Research Themes: Software Technology & Intellligent Systems, Water & Maritime

A TRL is a measure to indicate the matureness of a developing technology. When an innovative idea is discovered it is often not directly suitable for application. Usually such novel idea is subjected to further experimentation, testing and prototyping before it can be implemented. The image below shows how to read TRL’s to categorise the innovative ideas.

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Summary of the project

Transport of cargo and goods put an enormous burden on our land based transport networks and the environment. Inland waterway transport (IWT) is characterized as sustainable, reliable, energy efficient and has a capacity for increased use. This will only happen if we can make this mode of transport more economically competitive, safe and efficient. The researcher is looking into various aspects related to increasing the efficiency and enhancing the safety of IWT using AI aiming at reaching higher levels of autonomy in all IWT operations.

On the one hand she is looking into how the interaction between the vessels and the infrastructure can best be scheduled. Although this can be approached as a logistics challenge – getting the vessel including cargo from A to B as fast as possible there are a lot of external factors that come into play and that need to be taken into account. Think of environmental factors such as water levels or the interaction with other infrastructures such as bridges or locks that open at specific times. The researcher is working on the design of software-based agents, the schedulers, which decide the time that the vessels pass through the bridges and locks such that there is minimum to zero delay in their time plans and efficient use of infrastructure. The dynamic scheduling of vessels and infrastructure prevents traffic along the waterways and creates a ‘blue wave’.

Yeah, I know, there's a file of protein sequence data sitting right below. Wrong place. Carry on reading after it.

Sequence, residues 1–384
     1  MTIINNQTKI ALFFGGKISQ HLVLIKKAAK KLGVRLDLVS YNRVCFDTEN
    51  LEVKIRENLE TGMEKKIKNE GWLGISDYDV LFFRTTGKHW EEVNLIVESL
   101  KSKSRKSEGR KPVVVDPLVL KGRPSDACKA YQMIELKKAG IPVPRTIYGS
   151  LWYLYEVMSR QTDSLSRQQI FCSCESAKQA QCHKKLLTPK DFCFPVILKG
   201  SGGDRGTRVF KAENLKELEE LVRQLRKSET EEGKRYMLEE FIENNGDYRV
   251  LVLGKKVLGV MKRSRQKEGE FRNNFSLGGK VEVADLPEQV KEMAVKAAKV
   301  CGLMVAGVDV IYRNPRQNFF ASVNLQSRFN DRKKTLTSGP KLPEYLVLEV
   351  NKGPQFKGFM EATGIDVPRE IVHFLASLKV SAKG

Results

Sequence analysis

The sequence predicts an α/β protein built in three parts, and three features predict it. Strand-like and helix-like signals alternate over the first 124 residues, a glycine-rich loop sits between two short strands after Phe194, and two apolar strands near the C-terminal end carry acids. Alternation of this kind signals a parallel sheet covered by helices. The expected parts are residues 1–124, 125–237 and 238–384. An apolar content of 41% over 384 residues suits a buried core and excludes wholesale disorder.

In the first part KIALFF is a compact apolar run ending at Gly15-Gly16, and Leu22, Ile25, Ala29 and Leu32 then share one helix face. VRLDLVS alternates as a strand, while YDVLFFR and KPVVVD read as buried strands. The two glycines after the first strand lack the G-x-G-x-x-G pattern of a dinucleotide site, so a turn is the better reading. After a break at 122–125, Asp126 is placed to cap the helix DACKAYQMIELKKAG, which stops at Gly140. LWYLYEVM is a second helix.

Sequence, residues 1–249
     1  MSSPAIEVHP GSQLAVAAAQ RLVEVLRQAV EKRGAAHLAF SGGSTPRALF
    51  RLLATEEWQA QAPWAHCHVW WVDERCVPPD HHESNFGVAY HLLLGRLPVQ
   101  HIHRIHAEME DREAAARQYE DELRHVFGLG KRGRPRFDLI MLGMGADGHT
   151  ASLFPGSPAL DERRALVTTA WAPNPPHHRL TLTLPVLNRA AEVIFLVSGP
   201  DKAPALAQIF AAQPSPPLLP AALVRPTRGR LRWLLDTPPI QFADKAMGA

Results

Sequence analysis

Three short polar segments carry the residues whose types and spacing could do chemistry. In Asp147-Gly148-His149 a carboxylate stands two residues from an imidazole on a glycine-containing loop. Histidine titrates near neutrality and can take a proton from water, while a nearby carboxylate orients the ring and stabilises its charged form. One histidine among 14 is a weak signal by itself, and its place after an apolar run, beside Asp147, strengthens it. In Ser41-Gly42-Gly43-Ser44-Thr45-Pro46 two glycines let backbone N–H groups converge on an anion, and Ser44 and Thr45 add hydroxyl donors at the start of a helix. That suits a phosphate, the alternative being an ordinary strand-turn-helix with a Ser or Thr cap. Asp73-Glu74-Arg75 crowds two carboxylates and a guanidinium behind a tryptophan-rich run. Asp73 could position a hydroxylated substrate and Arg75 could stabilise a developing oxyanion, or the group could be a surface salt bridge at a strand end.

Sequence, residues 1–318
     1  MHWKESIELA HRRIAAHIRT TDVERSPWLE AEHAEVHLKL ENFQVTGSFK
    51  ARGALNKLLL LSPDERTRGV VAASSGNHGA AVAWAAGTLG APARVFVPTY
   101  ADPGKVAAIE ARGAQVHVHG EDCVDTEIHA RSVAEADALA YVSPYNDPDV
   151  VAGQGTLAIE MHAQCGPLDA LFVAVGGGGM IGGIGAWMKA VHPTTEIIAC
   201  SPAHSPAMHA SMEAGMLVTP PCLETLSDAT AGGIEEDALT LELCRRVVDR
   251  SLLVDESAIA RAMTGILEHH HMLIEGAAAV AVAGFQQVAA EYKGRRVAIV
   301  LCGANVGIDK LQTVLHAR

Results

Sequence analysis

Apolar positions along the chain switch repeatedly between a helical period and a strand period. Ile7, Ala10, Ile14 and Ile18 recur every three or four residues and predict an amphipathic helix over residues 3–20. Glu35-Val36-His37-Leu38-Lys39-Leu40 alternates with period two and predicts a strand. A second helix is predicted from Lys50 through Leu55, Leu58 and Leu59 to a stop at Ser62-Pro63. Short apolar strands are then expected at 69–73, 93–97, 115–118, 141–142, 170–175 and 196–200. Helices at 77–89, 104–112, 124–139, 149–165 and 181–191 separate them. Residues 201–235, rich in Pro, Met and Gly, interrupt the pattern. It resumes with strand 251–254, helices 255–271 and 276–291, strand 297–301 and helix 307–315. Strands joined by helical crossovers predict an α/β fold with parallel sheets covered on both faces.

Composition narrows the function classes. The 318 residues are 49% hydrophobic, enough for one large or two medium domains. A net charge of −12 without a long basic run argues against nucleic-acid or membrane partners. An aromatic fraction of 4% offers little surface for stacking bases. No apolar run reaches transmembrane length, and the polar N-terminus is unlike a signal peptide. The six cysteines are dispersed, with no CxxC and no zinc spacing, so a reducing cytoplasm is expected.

In order to realize dynamical scheduling of IWT vessels and infrastructure, and safe navigation, enriched sensor information is required. What if sensors become faulty?  So another venture for the researcher is to look at the sensor fault diagnosis. Currently ships generate a lot of data; GPS, radar, Lidar etc. This data can be used, not only to determine a ship’s location at a given point in time, how fast it is sailing, in which direction, but also where it needs to be at a given moment and what path it should sail in order to get there. In the case that this sensor information is faulty this will directly affect the operation and safety, of the ship itself but also of the other ships that are on the same course or in the vicinity. The researcher designs model-based monitoring agents for estimating the expected system operation, for detecting any unexpected deviation and for isolating the faulty sensors. So you know what to expect even under uncertainty duel to unknown physical and operational environment (e.g. unknown variable water depth, wind, unknown small boats).

What's next?

The next step for the researchers is to increase the focus on safety, especially how to constrain the propagation of sensor fault effects in different systems and over different aggregation levels. How can you deal with the safe coordination between interconnected transport systems under uncertainties and unexpected events? The necessary condition is to ensure the safe operation of every autonomous maritime transport system involved. The sufficient condition is to ensure the safe interaction of the interconnected systems.

With or Into AI?


Dr. Vasso Reppa

Mr. Abhishek Dhyani

Dr. Pablo Segovia Rudy negenborn

Faculties involved

  • 3ME